We're mid Wine Week here in London, and there's been a host of amazing events, tastings and tours afoot. These vary from beginner classes to events for the true geek to er, really geek out on. Plus there's the opportunity to engage with the events that surround this, including RAW where there was the opportunity to understand the growing category of natural wines.
It's a great week all in all, and I've loved it over the years for helping me explore and learn. Of course I love a glass of wine, but also, wine offers an interesting category of flavours and textures that I've grown more interested in putting into cocktails.
This becomes more the case when the sun starts to creep out (very slowly it seems over the last few weeks...) and I want lighter cocktails to enjoy with friends; As more occasions to get together outside with some good food and drink rises with the weather, I find myself reaching for some wine cocktails more frequently. Wine is of course a great partner for food, and much as I do when I'm pairing with a dish, I love being able to adapt the various flavours and weights of my drinks to make sure the two intertwine seamlessly. Using a wine in a cocktail allows me to use its breadth of flavours but be able to adapt these and the texture to match the dish.
Here are some of my favourite wines to use in cocktails:
Although in the boozier class of wine, these bone dry Spanish exports have long been favourites and I tend to always have a fresh bottle in the fridge. They're a little more forgiving with timing than your average white wine (although they're great to cook with, and stellar drunk by themselves, so they don't last long!) and give an amazing depth to aperitif cocktails. Tio Pepe's ultra-dry, green olive notes and La Gitana's coastal-licked salinity need some scant herbal or fruity touches, and a little bite on the side and you're set for an early evening.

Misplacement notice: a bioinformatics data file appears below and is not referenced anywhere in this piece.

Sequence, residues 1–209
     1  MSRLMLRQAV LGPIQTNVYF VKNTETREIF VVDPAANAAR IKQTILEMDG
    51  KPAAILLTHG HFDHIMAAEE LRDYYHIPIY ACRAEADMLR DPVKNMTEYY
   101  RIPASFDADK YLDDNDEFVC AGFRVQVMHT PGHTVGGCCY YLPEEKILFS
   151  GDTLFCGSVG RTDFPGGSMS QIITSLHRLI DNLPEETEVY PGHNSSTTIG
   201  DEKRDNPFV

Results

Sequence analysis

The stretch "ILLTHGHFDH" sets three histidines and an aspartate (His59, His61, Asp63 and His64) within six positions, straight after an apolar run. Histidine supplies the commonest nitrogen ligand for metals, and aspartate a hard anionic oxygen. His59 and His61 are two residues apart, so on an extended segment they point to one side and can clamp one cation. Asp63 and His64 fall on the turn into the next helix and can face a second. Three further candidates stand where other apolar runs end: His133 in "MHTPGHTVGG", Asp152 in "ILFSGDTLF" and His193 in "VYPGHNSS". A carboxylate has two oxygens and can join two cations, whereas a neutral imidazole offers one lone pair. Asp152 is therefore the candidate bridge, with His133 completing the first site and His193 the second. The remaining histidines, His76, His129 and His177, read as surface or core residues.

There are some amazing Champagnes from both the big houses and smaller growers that are easier to access now, as well as fantastic additions from Spain and England, but in a recent pepsi-challenge, my team and I have had some great success with this style of sparkling wine made in the 'traditional method' in Italy. It has a wonderful depth and a nice balance of citrussy acidity. We use a fantastic edition from Passione Vino at White Lyan that makes brilliant sparkling cocktails.
It's hard to choose specific varietals from the many regions, countries and grapes but the brightness I've found in Austrian Rieslings has meant I've become a big fan of mixing with them. This could easily have been the buttery richness I love in Burgundian Chardonnay or the inky depth of a Rhone Syrah, but lifting the light florals from a favourite Riesling with some soft herbs, a light honey and some citrus is great on a sunny day.
Mas Amiel Maury
I'm a huge fan of port and in particular Tawny port, but this vin doux naturel has lovely oxidised notes, and a great dryness that means it's hugely versatile in some cocktails. It can lean towards rich, dessert-eque serves, or you can serve it long and chilled with some ice, some crushed berries and a sparkling mixer (try Fevertree ginger ale) for an amazing summer cobbler.
This is quite a divisive category of wine that relies on extra skin contact to bring a drying tannin and a distinct funk. Some of the amphora-aged orange wines from Georgia I've had have been amazing, but this Slovenian example formed the base of an 'Orange Wine Vermouth' that I paired with some Campari and soda for a great twist on one of my favourite light, aperitif hi-balls - the Americano:
Add all to a microwave safe container, cover, and blast on full power for three minutes, allow to cool, then strain:
450ml Radikon Orange wine
200ml Mr Lyan Gin
15g dried orange peel
5g dried lemon peel
6g dandelion root
4 sprigs of fresh thyme
Peel of one fresh grapefruit
4 sprigs fennel tops
Build over ice and top with soda and garnish with a slice of orange:
25ml Orange vermouth